Companies in Britain have been tasking law firms to craft “no jab, no job” contracts that would bar prospective employees from being hired unless they have been vaccinated against the Chinese coronavirus.
While the government has publicly claimed that it has no intentions of requiring domestic vaccine passports, ministers have admitted that private businesses may take up the mantle of imposing it on the British public.
Speaking to the Financial Times, law firms said that they have already been contacted by companies, including care homes and multinational corporations, which are looking to draw up contracts that would require employees to be inoculated against the virus.
One unnamed attorney told the paper that such requirements could be risky as they might trigger discrimination claims from people who refuse to take the vaccine on religious grounds, pregnant women, or those who have health conditions, such as allergies, which prevent them from taking the jab.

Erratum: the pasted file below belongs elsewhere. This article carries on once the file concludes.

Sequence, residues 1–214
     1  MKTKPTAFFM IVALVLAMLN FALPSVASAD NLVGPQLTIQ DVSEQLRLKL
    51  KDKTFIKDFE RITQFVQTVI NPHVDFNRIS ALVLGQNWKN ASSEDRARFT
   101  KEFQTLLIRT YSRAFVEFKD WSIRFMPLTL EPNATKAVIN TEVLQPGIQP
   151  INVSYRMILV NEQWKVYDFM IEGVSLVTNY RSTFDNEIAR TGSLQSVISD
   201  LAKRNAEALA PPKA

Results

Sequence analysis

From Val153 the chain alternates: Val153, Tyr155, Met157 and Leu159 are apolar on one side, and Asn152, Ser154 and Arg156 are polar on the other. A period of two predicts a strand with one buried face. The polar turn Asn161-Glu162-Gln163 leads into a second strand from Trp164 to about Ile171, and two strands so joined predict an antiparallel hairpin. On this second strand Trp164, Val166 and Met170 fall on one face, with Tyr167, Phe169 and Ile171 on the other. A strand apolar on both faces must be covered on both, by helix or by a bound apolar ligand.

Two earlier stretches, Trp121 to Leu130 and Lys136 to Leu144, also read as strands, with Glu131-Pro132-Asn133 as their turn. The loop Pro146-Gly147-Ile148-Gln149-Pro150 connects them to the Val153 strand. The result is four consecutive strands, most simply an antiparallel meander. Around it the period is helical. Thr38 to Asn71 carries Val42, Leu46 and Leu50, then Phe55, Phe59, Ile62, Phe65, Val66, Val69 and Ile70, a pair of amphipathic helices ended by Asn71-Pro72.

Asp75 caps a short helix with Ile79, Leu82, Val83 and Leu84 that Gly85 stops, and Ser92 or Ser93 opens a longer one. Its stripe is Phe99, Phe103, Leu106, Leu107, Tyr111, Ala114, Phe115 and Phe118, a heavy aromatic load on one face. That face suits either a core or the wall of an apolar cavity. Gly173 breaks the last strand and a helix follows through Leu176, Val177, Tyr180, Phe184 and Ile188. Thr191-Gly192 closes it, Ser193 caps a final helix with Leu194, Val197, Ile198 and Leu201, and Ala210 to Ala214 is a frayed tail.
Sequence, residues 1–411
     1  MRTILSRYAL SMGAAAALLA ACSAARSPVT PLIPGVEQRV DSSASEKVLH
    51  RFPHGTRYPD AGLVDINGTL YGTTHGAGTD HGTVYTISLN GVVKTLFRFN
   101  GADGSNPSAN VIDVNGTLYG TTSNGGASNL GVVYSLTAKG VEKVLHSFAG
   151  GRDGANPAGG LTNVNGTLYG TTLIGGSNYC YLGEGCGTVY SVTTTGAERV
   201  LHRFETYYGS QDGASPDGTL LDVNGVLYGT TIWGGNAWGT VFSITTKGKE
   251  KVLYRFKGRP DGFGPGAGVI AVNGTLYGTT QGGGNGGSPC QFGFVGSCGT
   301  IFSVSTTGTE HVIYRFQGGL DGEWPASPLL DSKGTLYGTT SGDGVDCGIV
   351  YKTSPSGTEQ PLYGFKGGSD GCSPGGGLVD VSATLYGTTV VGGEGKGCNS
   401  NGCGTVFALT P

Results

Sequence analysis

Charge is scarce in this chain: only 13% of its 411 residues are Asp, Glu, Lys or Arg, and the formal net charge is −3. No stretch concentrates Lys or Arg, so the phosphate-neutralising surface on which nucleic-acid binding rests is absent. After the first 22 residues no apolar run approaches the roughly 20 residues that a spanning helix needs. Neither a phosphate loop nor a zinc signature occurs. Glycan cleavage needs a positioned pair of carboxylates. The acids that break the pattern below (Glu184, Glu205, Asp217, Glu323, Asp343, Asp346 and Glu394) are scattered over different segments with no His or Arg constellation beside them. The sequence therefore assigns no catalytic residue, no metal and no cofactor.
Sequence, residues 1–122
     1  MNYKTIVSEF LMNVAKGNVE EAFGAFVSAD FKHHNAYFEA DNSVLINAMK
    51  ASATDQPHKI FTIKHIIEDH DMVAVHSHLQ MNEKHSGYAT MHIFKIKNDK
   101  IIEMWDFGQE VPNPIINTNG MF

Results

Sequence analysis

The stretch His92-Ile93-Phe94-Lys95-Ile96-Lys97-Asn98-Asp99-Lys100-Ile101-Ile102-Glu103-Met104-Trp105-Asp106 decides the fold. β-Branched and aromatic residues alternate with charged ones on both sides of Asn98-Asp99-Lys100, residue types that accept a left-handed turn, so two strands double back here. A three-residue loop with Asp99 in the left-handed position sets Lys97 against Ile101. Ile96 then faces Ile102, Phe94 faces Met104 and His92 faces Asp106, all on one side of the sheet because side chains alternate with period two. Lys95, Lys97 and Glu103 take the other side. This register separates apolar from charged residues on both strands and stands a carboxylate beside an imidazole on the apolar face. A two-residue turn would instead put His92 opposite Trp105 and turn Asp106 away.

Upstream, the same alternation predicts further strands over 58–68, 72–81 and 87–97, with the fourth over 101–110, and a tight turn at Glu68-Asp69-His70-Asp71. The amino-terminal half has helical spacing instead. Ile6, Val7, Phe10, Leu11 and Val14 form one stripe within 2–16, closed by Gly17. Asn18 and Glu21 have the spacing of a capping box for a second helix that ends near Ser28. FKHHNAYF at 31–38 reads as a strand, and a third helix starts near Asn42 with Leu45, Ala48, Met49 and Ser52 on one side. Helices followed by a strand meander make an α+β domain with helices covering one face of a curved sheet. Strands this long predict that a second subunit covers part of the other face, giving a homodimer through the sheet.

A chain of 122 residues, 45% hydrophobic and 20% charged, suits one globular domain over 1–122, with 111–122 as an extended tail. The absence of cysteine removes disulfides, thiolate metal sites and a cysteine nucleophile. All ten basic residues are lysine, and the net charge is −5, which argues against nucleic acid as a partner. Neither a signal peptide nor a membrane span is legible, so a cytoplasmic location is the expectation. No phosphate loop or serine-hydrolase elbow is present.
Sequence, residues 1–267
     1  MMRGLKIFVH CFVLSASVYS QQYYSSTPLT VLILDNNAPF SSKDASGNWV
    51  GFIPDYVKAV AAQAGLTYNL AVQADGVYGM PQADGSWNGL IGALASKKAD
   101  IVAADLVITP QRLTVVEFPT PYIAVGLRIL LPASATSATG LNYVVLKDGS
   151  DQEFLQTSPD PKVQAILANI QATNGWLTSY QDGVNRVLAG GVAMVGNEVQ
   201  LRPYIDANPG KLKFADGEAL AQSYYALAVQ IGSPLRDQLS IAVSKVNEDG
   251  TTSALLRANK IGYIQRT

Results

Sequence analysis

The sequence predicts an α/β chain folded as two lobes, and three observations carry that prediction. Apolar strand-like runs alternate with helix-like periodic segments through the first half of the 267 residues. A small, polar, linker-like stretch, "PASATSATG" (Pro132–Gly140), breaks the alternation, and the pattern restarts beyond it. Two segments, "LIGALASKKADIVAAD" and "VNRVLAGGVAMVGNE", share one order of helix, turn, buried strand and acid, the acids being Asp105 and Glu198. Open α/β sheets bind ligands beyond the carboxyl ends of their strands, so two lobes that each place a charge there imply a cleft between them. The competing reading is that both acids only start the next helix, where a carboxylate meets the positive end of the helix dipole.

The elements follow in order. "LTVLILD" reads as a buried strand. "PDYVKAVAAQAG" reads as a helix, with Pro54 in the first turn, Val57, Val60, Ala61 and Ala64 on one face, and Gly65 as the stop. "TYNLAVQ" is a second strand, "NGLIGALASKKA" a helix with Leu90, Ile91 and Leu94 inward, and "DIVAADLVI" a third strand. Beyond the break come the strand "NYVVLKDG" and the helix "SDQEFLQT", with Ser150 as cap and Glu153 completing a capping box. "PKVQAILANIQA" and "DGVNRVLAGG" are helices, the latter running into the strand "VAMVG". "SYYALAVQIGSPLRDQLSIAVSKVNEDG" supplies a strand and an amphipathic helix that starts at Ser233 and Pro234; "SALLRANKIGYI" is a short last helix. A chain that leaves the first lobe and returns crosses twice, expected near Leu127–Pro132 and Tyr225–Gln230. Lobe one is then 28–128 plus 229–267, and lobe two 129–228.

The lawyer did note that in sectors in which employees are surrounded by at-risk people, such as in care homes, so-called “no jab, no job” contracts may ultimately be defensible.
Some of the law firms contacted claimed that businesses have also begun inquiring about how to require that those already employed receive the vaccine.
However, companies seeking to change the contracts of people already employed would need to gain the consent of the worker, a partner at the law firm Lewis Silkin, James Davies, cautioned.